Yup. In theology there has been some helpful speculation on this. The question: if Adam had not sinned, would Jesus still have come? An important book suggests “Incarnation Anyways.”


Some of the theologically trained might have more to add. @jongarvey @Mlkluther, etc.

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"Since he who saves already existed, it was necessary that he who would be saved should come into existence, that the One who saves should not exist in vain.” (Irenaeus, Against Heresies III.22.3)

This can get into weird territory regarding theodicy, but in one sense, I think it’s right.

“When Irenaeus reads Genesis 2, he sees first not Adam but the Nazarene, in whose image Adam was made. It’s as if time itself begins with the Crucified and flows and backwards and forwards from him. The eternal Father speaks the world into being from the cross.”

I wonder if Colossians 1:16 might add something to the consideration of this theological speculation — “For by him all things were created, in heaven and on earth, visible and invisible, whether thrones or dominions or rulers or authorities—all things were created through him and for him.”

With Christ at the centre of theology, it seems to me that Christ is central to God’s creating purposes, not just His redeeming purposes. The Creation exists for the sake of the Son. So, I think it’s fair to say the Incarnation was always in the eternal plan of God.

However, I retain the right to say I’m not really sure what that means, exactly. :smirk:


No, that wasn’t the question at all. The question is “If Adam had not sinned, would someone else have?”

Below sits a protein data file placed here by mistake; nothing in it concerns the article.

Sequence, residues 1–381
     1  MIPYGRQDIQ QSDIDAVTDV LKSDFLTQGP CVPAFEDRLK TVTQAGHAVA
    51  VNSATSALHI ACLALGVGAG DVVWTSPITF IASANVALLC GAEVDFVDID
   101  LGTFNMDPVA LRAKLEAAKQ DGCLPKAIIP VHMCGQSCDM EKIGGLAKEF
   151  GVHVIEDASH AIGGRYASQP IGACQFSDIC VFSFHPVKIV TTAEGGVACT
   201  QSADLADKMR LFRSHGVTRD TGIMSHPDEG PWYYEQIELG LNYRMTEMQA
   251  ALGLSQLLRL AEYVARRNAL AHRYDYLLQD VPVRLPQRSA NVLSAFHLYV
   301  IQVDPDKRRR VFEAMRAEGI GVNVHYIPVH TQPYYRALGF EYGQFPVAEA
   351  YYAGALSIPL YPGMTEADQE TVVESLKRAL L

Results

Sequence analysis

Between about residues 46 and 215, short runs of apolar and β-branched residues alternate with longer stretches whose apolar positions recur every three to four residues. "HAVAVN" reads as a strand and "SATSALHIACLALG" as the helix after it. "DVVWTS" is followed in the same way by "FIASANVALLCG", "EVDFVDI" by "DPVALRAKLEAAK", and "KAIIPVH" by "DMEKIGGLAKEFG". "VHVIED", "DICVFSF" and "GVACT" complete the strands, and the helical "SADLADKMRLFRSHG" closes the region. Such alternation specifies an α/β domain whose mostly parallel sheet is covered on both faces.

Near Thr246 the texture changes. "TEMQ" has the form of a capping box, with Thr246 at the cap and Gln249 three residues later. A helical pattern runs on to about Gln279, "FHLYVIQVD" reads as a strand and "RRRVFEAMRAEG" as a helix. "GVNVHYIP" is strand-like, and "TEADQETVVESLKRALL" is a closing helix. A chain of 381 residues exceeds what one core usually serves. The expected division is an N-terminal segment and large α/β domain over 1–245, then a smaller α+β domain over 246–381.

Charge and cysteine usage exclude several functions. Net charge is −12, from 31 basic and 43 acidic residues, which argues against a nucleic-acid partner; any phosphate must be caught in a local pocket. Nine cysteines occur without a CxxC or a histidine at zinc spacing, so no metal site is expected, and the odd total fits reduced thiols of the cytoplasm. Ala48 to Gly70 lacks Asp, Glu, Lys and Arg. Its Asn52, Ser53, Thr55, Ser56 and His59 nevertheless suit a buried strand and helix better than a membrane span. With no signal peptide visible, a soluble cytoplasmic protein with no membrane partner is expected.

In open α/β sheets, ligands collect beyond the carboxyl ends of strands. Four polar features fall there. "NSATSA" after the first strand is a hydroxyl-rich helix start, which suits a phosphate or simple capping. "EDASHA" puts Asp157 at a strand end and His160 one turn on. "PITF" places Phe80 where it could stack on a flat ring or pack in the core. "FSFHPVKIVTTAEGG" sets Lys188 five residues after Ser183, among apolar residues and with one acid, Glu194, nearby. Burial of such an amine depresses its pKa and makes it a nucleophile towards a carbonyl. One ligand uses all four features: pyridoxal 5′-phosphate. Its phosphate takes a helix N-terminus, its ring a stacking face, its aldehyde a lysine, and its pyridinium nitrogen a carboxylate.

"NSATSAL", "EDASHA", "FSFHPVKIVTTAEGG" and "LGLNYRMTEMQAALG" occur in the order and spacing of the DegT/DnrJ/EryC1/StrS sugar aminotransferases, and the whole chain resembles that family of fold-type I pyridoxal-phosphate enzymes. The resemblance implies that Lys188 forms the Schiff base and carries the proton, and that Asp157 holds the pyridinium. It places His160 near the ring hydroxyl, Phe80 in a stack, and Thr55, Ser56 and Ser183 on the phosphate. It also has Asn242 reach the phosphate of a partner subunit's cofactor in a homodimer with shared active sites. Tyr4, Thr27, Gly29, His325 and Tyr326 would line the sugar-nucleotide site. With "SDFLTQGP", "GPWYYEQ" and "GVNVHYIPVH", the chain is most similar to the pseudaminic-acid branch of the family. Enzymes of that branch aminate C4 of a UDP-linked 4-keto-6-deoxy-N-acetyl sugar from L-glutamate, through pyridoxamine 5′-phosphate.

Let me put another way. The question of the book I linked to was, “if Adam and no one else had sinned?” Read the reviews themselves and you will see how that is engaged.

I think Mark and mlkluther have touched the heart of the thing: the question of “what if” is not answerable from the Genesis 3 narrative alone, but only in the context of the broadening scope of Scriptural revelation (Genesis → Torah → Tanakh → whole Bible), and in particular christology.

All those not only show the role of Christ in both salvation and creation, but also, by the way the story has panned out, they illuminate what the purpose of the garden, and of Adam, was in the first place.

In Narnia C. S. Lewis always has Aslan say, “Nobody is told what would have happened,” and that, I think, is his nod to the deep providence of God - the Incarnation was always in the eternal plan of God, but it remained within his counsel alone until it actually happened. The game was real.

Still, for it to be real, “what if?” questions must be answerable in principle, if speculatively. It’s not a soccergame if there’s only a goal-mouth at one end because everybody knows Team B is too rubbish to score.

The temptation in the garden had the character of a crucial test of covenant faith and loyalty. It was not simply “a” man committing “a” sin. And in the light of Trinitarian theology, that faith and loyalty were to the Son, who is God as he relates to his creation. Adam and Eve walked with the one in whose image they were created.

Had Adam and Eve acted upon faith regarding that command, they would have learned wisdom, and grown in love and righteousness, from the source of wisdom, love and righteousness, and the “Eden economy” would have spread to fill all things with glory through humanity’s fullness, through God’s Spirit.

That is seen through the continuation of that “new creation project” firstly in the call of the Patriarchs leading to Israel (and their failure), and finally in Christ pulling the whole thing together in his Incarnation and Passion. The whole salvific aspect of Jesus’s ministry is therefore preparatory to getting the larger, original project - new creation through humanity - back on track.


I see that nobody is interested in responding to my question.

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See also: Scientology